I recently setup a dev/build server with Jira, Confluence, Hudson, ATG (with two web apps and the atg admin), Oracle (with web admin), and Postgres (with web admin). I’m running everything independantly, and everything is listening on it’s own high number port. This makes the URLs ugly, and finding what you want tricky.

I used Apache 2.2 and mod_proxy_http to wrap all of the services in the Apache running on port 80.

Any Apache 2.2 installation should come with mod_proxy and mod_proxy_http. You may need to activate them with something like this:
LoadModule proxy_module /usr/lib/apache2/modules/mod_proxy.so
LoadModule proxy_http_module /usr/lib/apache2/modules/mod_proxy_http.so

then set a basic configuration for security:
ProxyRequests Off
ProxyPreserveHost On

<Proxy *>
Order deny,allow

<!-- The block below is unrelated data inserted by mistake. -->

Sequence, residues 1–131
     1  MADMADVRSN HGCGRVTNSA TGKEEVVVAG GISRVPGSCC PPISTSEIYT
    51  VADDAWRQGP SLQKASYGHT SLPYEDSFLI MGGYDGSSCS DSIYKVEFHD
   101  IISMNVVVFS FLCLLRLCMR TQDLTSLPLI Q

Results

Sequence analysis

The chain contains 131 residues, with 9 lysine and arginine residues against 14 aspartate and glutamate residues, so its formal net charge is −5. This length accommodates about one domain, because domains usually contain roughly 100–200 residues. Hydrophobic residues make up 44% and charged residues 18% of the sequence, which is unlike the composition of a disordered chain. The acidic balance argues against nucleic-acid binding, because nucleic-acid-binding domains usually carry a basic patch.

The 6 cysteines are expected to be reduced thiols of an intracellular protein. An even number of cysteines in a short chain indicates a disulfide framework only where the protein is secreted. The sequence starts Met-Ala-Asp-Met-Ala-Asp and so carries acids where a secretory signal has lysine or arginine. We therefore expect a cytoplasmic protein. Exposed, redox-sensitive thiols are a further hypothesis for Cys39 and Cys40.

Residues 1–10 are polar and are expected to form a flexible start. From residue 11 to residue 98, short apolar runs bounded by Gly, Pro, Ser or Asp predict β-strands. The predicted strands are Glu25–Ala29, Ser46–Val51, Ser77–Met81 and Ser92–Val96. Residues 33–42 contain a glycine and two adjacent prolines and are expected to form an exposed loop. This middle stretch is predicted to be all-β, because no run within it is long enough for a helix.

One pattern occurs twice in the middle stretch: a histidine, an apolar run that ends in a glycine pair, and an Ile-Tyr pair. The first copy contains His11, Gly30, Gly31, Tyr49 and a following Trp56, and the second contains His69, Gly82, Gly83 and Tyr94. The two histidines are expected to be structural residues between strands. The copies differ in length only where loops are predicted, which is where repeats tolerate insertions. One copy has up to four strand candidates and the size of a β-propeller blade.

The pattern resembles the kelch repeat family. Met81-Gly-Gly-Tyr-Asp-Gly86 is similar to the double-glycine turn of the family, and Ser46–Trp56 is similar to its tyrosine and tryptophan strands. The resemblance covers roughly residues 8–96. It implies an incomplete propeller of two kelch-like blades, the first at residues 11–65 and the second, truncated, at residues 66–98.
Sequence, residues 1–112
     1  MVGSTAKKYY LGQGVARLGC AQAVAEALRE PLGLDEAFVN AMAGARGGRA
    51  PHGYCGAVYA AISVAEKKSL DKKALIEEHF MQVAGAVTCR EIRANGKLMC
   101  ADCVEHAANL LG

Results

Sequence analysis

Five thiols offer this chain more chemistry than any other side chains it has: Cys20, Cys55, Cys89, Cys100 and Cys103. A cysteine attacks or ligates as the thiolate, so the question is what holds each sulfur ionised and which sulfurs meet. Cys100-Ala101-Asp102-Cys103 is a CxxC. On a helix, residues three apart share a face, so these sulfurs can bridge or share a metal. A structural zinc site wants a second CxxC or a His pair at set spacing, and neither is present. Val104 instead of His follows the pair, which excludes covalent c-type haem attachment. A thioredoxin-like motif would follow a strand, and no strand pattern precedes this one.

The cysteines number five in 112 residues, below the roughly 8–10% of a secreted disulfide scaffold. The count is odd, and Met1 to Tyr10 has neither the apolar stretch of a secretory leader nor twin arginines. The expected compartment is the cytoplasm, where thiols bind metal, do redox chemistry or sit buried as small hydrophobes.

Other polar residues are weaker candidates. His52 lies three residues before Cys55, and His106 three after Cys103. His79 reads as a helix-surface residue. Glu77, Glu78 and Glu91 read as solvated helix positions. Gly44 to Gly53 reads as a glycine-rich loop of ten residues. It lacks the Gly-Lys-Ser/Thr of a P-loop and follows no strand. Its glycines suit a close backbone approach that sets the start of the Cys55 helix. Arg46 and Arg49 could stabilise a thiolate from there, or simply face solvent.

Allow from all
</Proxy>

It’s best to ensure all the applications you are trying to wrap are listening at context roots, not the base URL/port. So you want hudson on :9000/hudson/ or whatever your setup has (for instance: java -jar hudson.war –httpPost=9000 –prefix=/hudson ). Same for Jira and everything else.

Then setup your proxy mappings in your apache configs.

ProxyPass /jira http://localhost:8080/jira
ProxyPassReverse /jira http://localhost:8080/jira
<Location /jira>
Order allow,deny
Allow from all
</Location>

Repeat for all of your applications. Then just restart apache to pickup all the changes:

apachectl restart

So now we have Jira at host/jira, Confluence at host/confluence, Hudson at host/hudson, and so on. Pretty, easy to book mark, easy to cross link. It just looks more professional.